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blackparticle

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About blackparticle

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    Devon

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  1. Darks.. um.. I used my 10min set and let DSS auto-compensate. The SX camera has such a low dark current anyway that all they are there for is help with hot-pixel and bias removal.
  2. It's been ages since I got out with the scope. Circumstances dictated a house move so apart from being offline and in a state of chaos, I missed the best of the winter darkness while everything was boxed up. On the plus side, my new location out in rural Devon doesn't have the glare of Basingstoke ruining my northern skyline (But does have a pub across the road ) As a result, 15min subs now show at least a 3x - 4x score improvement in DSS and even surpassed my previous best score on the 45min sub by at least 50%. Total exposure time now is 15hrs 45mins. I've added in another 25 x 15min subs
  3. As that's only 90mins-ish!! How about just go for a 2x2 mosaic with the EF200?
  4. I tried something similar with M33. I think I did approx 450 at 1min (unguided) and then compared this to a similar 7hr stack of 5, 10 + 15 minute subs after I had my guiding working. The results were no contest. The stack of longer subs contained much more faint detail that the shorter subs had failed to capture. The other main bonus was stacking time was reduced by half a day.
  5. Now why didn't I think of that !! You've just saved me loads of time phaffing about going in and out of the caravan.
  6. I tried this out tonight and it put me back to within about 200 pixels of the bookmarked location. I had to run off a test sub to be sure and then did the last adjustment by guesswork on the handset. It was far less painful than staring at a blank frame/focus preview wondering where the target was.
  7. Not necessarily true. 3D space/time as defined by our science didn't exist. 0D non-space/time is perfectly possible.. In fact, an infinite amount of time could have passed before the big-bang brought this universe into creation.
  8. A tricky one this. If quantum mechanics is correct and the physical universe only exists when under the direct observation of an intelligent mind, then the 'creation' of the universe itself from nothingness could imply that it was formed from the imagination of an intelligence that existed within 0-dimensional voidic non-space. Time itself can exist without dimensional space so the big-bang could have happened when that intelligence finally got bored and gave up existing in 0-D and all those thoughts and possibilities then came into existence.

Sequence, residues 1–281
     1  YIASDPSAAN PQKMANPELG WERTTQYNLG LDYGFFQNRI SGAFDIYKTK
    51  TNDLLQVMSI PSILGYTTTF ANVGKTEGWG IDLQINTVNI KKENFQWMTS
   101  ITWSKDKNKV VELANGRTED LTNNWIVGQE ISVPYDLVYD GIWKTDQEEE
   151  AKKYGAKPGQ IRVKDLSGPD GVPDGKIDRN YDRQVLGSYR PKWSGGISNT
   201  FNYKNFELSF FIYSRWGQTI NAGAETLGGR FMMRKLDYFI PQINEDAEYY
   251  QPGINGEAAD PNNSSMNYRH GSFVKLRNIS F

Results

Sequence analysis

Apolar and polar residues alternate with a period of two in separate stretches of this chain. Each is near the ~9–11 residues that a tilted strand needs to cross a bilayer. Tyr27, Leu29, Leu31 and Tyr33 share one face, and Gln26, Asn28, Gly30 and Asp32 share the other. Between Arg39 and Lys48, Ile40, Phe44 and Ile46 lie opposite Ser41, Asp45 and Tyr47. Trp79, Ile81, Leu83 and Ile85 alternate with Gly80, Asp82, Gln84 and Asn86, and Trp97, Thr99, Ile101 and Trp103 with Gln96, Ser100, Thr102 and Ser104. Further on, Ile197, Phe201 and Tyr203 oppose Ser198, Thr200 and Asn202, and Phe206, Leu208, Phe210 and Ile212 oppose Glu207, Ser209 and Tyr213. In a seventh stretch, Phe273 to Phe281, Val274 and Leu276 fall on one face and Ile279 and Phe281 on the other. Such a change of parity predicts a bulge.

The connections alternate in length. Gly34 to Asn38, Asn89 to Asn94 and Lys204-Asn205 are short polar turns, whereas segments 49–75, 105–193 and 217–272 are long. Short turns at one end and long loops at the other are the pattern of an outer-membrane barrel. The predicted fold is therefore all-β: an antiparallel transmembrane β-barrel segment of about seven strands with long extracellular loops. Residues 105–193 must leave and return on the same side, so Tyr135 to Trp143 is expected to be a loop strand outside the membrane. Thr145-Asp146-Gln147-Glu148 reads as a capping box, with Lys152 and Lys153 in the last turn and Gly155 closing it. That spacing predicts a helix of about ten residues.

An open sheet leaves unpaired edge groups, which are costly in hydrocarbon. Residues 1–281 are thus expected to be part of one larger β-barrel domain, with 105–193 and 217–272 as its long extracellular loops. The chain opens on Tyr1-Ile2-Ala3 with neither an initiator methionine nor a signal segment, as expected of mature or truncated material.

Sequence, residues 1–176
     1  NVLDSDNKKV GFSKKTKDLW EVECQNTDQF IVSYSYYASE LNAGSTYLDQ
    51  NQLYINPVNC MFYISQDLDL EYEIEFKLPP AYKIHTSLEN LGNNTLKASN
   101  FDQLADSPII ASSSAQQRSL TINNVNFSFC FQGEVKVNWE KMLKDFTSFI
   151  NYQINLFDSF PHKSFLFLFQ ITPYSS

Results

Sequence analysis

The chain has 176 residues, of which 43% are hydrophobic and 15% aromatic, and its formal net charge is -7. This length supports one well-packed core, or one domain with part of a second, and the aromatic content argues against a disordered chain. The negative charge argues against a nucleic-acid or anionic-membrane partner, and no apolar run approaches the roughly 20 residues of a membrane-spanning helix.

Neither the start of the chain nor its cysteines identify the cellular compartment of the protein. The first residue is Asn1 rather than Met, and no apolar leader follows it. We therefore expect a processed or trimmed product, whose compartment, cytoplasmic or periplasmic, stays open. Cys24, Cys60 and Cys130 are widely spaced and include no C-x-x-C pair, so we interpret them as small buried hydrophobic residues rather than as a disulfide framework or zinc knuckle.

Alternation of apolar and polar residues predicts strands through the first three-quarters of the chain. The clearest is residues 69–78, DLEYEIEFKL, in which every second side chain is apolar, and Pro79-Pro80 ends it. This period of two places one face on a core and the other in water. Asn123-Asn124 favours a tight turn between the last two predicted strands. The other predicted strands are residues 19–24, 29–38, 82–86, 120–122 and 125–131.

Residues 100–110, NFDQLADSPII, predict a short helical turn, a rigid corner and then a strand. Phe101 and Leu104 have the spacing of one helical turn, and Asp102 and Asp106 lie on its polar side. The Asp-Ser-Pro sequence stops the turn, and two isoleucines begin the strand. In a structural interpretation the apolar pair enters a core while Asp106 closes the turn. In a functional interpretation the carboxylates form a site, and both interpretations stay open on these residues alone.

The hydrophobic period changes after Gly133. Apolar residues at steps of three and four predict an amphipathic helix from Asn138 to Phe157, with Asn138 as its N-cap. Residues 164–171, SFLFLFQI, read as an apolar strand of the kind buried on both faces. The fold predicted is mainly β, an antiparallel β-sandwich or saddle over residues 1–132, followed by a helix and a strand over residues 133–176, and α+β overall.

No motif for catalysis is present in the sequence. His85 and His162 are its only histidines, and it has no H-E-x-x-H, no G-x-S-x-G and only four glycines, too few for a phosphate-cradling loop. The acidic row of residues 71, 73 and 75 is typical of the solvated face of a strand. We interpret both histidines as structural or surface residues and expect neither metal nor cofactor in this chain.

9. Hot pixels are sensor defects. Some show up after just a couple of minutes.. others only appear after really long exposures. They are to do with leakage currents from the individual well. Cooling helps but will never get rid of them completely. It's part of the reason dark frames are a must when imaging. As for over-exposure on a target. There are not that many objects bright enough to cause this. M31 / M42 are definitely exceptions and require a combination of both short and long subs to capture the full dynamic range.
  10. An increase of 0.1 FWHM may only represent an improvement of 2 or 3% when averaged out but I find that doing it this way, by the numbers, assures me that the focus is the best I can achieve and removes any niggling doubt that it isn't bob on. It's also quite easy to come back to later in the session for a re-check without touching the scope which I've found can disrupt PHD's guiding, especially if it has settled down to a nice flat line.
  11. Nebulositys fine-focus routine is on a shot-by-shot basis. You set the exposure length, pick a star and off it goes. What it gives you is a graph and although the seeing varies the results, you can easily tell when you've hit best possible focus as the FWHM will drop down to a figure that is obviously better than the rest. When I hit this peak in the graph I know I've got the best focus I can achieve. The fractional adjustments to the focuser are so minute that you wouldn't really be able to tell on a Bahtinov mask (well I can't anyway). The amount of adjustment required is sometimes as light
  12. NGC 2146 is a a spiral galaxy in Camelopardalis that has recently undergone a galaxy collision or disruption. It's not very big and certainly not very bright at Mag 10.5 It was also one of the imaging targets this month at the Norman Lockyer Observatory so I gave it a go. And possibly a first for SGL apart from someones quick go with the 2m Faulkes Telescope which in itself should have given me a clue to just how hard this thing is to image. I could have waited until this was completed before posting but as a relative newbie to astro-photography I do like to see works in progress and how they
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